Speaker Bio: Brian Gregor is a senior transportation analyst for the Oregon Department of Transportation (ODOT) where for the past 15 years he has worked on a variety of transportation and land use modeling and analysis projects. He is the principal developer of the GreenSTEP and Land Use Scenario DevelopeR (LUSDR) models. He has also worked on the development and application of Oregon's Statewide Integrated Model (SWIM), lead the automation of ODOT's modeling...

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Content Type: Professional Development Event

The video begins at 0:52.

Abstract:  This seminar concludes the eight week exploration of transportation models and decision tools with a look to the future. Oregon is known for its history of forward thinking policies around sustainable transportation, including linking land use and transportation planning at the regional level, investments in transit and non-motorized modes, and statewide legislation to reduce greenhouse gas emissions. To aid these transportation planning and policy decisions, Oregon has developed some of the most sophisticated models and analytic tools currently in use in the United States. As Oregon moves forward to address the next set of challenges - energy security, climate change, economic constraints and equity, models will need to provide new information at different spatial and temporal scales to support long range planning - 30 to 50 years out - as well as near term decisions - 1 to 5 years ahead. Beth Wemple, a Portland-based consultant with Cambridge Systematics, will share her view on Oregon's transportation future. Keith Lawton, consultant and former transportation planner at Metro, will respond by discussing the next steps for model development and application needed to support this agenda.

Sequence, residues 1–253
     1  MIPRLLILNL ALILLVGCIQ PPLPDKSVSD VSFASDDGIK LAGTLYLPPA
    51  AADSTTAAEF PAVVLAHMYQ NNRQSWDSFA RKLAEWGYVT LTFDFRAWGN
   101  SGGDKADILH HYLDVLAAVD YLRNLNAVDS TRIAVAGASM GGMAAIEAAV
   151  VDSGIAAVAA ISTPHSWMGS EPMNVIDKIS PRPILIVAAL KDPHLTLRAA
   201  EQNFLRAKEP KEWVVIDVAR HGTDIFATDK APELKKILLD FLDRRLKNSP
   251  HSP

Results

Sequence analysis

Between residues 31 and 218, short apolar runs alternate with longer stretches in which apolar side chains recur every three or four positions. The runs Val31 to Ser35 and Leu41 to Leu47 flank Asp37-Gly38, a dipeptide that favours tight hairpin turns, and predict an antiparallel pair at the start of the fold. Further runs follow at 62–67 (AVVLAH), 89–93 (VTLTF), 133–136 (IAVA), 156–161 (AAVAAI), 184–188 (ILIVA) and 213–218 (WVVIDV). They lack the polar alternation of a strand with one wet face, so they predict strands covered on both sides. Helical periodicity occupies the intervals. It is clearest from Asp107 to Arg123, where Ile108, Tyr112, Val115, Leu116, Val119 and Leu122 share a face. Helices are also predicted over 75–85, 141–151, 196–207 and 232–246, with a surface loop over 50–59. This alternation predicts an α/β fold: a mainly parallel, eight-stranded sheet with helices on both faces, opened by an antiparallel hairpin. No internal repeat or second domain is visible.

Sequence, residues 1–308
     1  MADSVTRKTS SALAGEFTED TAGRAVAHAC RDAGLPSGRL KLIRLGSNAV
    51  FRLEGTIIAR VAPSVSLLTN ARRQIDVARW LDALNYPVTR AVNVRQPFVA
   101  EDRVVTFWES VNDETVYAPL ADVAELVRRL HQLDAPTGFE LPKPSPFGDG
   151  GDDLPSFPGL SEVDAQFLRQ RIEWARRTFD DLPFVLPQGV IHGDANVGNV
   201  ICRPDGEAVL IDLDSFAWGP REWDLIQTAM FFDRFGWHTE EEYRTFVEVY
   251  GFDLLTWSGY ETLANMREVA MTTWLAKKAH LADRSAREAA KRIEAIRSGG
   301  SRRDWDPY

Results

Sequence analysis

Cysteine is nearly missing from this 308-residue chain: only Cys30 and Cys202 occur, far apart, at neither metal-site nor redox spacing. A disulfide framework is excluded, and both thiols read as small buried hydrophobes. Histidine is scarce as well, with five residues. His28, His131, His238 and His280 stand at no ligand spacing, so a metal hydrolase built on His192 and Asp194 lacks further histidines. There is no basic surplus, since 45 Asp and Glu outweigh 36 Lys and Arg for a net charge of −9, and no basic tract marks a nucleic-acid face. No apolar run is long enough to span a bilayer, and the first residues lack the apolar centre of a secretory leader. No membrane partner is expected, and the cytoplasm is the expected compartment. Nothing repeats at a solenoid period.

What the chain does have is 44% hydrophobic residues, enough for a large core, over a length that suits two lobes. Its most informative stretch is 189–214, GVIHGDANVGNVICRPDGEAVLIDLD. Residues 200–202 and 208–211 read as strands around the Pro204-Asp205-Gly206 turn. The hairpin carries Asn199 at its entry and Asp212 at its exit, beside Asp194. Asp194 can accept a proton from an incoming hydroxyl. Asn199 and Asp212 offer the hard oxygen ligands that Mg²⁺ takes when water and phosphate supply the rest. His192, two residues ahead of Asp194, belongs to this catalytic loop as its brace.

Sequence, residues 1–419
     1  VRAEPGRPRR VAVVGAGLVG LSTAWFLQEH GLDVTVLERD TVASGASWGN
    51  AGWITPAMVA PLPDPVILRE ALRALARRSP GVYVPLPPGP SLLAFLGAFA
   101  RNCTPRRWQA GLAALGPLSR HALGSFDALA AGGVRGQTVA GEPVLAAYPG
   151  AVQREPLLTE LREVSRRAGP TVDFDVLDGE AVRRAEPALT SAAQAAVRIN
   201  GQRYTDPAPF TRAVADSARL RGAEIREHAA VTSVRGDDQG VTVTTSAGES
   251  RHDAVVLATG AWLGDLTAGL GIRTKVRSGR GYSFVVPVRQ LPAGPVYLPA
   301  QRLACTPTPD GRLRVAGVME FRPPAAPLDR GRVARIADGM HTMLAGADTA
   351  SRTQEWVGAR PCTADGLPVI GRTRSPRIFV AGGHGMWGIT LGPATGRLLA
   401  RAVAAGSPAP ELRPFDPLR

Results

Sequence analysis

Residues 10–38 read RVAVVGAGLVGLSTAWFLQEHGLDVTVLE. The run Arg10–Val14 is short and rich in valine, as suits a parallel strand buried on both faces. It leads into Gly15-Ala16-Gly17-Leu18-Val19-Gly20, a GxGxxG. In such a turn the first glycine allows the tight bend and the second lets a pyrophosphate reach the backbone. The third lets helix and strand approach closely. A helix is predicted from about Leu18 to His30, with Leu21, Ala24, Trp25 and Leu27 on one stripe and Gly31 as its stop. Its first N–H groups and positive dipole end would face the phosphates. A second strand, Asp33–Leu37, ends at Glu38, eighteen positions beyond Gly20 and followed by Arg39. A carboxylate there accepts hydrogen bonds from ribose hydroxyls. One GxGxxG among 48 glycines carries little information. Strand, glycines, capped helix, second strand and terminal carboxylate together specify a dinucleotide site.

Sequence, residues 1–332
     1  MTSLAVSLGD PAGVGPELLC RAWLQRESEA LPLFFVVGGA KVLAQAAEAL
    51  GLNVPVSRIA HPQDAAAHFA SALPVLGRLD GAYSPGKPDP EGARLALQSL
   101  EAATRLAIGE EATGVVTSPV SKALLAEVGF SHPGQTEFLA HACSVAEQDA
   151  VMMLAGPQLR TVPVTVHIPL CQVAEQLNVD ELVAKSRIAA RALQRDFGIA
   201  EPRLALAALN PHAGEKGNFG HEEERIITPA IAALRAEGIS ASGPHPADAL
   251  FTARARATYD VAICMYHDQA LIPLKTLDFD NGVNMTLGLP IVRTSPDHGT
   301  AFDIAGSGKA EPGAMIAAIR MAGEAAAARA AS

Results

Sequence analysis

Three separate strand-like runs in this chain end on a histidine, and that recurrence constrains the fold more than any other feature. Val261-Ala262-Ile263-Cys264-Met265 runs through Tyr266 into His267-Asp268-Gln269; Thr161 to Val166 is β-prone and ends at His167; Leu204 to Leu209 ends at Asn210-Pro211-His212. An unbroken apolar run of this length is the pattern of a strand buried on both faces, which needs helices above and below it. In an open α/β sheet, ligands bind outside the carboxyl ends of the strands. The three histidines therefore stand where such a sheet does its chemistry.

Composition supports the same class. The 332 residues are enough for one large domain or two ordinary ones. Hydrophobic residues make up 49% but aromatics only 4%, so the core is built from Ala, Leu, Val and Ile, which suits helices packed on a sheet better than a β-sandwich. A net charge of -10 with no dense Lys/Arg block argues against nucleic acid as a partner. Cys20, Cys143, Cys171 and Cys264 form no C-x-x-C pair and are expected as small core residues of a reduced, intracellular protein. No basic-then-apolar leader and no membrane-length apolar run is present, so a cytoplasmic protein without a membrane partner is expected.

Speaker Bio: Keith Lawton is a transport modeling consultant and past Director of Technical services, Metro Planning Department, Portland, OR. He has been active in model...

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Content Type: Professional Development Event

The video begins at 2:00.

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Abstract: Urban arterials often represent complex venues of transportation operations, co-mingling non-motorized users with transit services and a wide variety of land uses and traffic patterns. This presentation presents results related to the evaluation of a new Adaptive Traffic Control System (SCATS) on Powell Boulevard in southeast Portland. The presentation will discuss challenges and opportunities associated with the evaluation of new technologies and the development of comprehensive urban arterial performance measures.

Speaker Bio: Miguel Figliozzi is an Associate Professor of Civil and Environmental Engineering at Portland State University. His diverse research interests include transit and traffic operations, bicycle and pedestrian modes, emissions and air quality modeling, and freight and logistics. He holds a MS from the University of Texas at Austin and a PhD from the University of Maryland College Park. Figliozzi is a member of the Transportation Research Board Network Modeling Committee, Freight and Logistics, and Intermodal Terminal Design Committees. Papers, reports, and more detailed information available at Figliozzi's webpage: http://web.cecs.pdx.edu/~...